Around the same time as my departure from the US, I also tried to retire from the Bar. I was told that to do so I would have to pay all unpaid back dues, a fee for retirement and annual dues to remain on inactive status. This conversation occurred during that time when the Bar Association had been unfunded by the California (In effect disbarred by California) and was somewhat desperate for money. After a few arguments over the telephone with representatives of the Bar about my inability to pay the back fees all at once and the unreasonableness of having to pay a fee and dues, no matter how small, to retire and receiving no satisfaction, I explained to them what I thought they could do with their demands. Eventually I began to receive notices by mail from the Bar Association which I assumed were continuing demands for payment of the dues. I treated them just the same as I treated notices from credit card companies demanding payment and threatening to ruin my already ruined credit rating; I threw them all unopened into the trash until, after about a year when my forwarding address ceased to be operative, they ceased. I assume some of these notices contained demands for the payment of fine as well.

At least I was not accused of moral turpitude. Although I certainly have in my life often turpituded my morals, my failing, it seems, was not the terps and tudes that usually gets the Bar Association’s knickers in a twist.

Now to save what remains of my reputation and avoid the malicious whisperings of those who should know better, I am faced with the option of possibility paying many thousands of dollars so that I can be reinstated and continue to pay the Bar Association to remain on inactive status. I find my chances of choosing this route highly unlikely.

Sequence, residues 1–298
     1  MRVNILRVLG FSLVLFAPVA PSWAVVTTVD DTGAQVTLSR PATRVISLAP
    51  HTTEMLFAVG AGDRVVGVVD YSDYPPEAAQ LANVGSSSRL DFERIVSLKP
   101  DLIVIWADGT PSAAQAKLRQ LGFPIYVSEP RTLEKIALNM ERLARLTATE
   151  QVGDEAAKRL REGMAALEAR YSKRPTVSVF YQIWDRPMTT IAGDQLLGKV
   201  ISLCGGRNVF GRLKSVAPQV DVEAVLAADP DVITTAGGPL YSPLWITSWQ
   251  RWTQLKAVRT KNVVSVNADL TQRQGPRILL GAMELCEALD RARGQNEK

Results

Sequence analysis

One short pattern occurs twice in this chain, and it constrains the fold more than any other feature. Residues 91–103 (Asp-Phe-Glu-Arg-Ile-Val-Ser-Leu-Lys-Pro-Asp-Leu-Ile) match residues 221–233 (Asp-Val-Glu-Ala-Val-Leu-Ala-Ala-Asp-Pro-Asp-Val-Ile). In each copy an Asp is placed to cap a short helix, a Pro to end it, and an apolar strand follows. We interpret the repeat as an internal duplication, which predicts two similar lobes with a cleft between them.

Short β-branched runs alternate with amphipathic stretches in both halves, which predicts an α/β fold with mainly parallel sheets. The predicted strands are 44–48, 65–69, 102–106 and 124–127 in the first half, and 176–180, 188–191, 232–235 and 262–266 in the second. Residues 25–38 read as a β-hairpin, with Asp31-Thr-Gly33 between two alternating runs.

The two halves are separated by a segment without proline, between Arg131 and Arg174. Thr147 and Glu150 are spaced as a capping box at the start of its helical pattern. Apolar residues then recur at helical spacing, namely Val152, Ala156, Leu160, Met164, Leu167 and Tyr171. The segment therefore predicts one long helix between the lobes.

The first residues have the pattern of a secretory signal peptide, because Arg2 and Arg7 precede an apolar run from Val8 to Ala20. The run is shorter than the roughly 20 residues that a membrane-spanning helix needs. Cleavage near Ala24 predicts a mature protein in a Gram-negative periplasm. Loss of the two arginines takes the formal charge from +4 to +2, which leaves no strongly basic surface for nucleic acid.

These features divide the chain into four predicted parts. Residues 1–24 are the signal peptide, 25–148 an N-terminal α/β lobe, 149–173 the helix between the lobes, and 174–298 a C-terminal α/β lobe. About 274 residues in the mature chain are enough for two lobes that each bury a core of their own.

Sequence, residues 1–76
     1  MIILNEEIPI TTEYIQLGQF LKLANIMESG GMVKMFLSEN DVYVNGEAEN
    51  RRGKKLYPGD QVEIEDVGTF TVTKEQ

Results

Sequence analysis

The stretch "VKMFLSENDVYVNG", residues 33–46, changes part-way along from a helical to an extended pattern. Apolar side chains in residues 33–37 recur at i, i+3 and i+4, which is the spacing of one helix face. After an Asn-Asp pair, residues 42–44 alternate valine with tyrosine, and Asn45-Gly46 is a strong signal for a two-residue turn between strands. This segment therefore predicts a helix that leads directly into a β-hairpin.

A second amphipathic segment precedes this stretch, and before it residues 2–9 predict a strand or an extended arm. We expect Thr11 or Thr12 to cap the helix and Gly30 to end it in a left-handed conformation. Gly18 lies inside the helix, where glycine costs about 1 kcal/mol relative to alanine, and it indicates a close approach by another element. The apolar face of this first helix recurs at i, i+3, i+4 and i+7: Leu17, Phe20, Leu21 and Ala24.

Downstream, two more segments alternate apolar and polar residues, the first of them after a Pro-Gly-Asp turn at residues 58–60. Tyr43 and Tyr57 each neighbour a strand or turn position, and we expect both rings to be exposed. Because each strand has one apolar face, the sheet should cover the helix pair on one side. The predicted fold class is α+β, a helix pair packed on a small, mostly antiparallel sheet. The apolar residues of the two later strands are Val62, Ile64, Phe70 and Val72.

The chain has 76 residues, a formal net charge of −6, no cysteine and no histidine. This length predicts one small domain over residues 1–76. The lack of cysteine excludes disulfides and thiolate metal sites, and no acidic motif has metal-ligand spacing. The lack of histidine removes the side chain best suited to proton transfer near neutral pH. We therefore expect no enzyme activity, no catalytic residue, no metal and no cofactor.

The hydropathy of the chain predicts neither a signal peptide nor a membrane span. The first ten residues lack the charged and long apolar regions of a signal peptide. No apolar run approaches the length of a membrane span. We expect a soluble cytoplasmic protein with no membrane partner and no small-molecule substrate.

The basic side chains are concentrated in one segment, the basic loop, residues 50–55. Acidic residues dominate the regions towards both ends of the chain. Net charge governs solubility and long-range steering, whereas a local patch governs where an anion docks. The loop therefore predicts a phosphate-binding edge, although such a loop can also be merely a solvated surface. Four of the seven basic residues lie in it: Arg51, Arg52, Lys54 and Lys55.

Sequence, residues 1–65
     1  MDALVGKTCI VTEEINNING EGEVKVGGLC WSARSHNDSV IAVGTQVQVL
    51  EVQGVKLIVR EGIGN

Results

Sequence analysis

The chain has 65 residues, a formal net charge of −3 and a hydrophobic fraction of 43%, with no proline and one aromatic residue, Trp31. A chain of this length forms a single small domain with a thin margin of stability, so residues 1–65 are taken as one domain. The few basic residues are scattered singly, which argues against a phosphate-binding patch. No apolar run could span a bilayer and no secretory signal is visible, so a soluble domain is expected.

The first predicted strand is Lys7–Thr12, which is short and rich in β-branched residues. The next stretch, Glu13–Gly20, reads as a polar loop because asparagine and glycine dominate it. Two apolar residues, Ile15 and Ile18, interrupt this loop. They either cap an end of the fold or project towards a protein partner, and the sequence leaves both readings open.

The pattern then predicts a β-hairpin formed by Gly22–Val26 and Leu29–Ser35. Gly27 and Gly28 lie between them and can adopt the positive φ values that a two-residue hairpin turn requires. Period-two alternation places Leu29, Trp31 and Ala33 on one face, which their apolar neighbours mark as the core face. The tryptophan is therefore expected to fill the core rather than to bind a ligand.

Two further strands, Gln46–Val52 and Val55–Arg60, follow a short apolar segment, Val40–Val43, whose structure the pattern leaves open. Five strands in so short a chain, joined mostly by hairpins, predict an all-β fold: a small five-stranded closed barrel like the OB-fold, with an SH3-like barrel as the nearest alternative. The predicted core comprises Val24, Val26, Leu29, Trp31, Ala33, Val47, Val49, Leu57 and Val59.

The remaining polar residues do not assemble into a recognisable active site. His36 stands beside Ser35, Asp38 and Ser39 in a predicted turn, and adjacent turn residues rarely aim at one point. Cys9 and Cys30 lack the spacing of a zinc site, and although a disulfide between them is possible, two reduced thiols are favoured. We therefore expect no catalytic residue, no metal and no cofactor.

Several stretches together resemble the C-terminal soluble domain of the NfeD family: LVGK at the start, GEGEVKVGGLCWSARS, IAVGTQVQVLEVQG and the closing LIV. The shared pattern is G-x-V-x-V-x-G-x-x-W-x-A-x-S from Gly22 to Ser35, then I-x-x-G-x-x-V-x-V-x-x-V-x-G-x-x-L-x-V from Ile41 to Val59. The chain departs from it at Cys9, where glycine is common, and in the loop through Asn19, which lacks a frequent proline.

On the other hand, one of my favorite mystery writers, Christopher Moore’s, main character in many of his novels is named Vinnie Calvino, a half Italian, half Jewish lawyer from NY who was disbarred who now lives in Bangkok and eaks out a living as a PI. I find, on the whole, the Calvino approach to dealing with recalcitrant bar associations rather romantic.

A Tussle Without a Hustle

One morning a few days ago on my way to breakfast I had just passed Nana Plaza which bills itself as The Worlds Largest Adult Playground when I stopped to buy a newspaper from the old Thai woman at the newsstand right by the entrance.
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Morning at Nana Plaza.

Suddenly I noticed a commotion a few feet away. On the sidewalk, two ladies of the very late evening or the very early morning were fighting with each other. A crowd of Thais had quickly gathered around watching. Some were taking pictures with their smart phones. At first I thought the combatants had torn each others clothing off. But on closer look I realized that the shrink wrapped uniform usually worn by the sidewalk purveyors of passion for a price had rolled up like an old window shade into a small band of fabric around their midsections. They looked a lot like Sumo wrestlers with their tiny belts separating vast rolls of ponderous swinging flesh.

No one moved to intervene, including me because, in my case, I have learned from hard experience not to intervene in disputes like this unless one party is helpless and at risk or blood is being spilled. In this case each combatant had the other’s hair wrapped in a death-grip and with their free hand landing looping ineffective blows to each other’s back while at the same time trying to kick each other’s shins with their bare feet. Their greatest physical danger would occur if they lost their balance, fell and cracked their heads on the cement.

Eventually, some of the orange shirted motorcycle messengers came over and separated them. Strangely, after separating the fighters the bike messengers would immediately leave them alone again. This allowed the combatants to quickly resume battling each other. It occurred at least four times until suddenly the fight just ended with each gladiator strutting around while trying to unravel their dresses to cover up their exposed stocks in trade. Although a police substation stood on the corner about twenty feet away, no police showed up.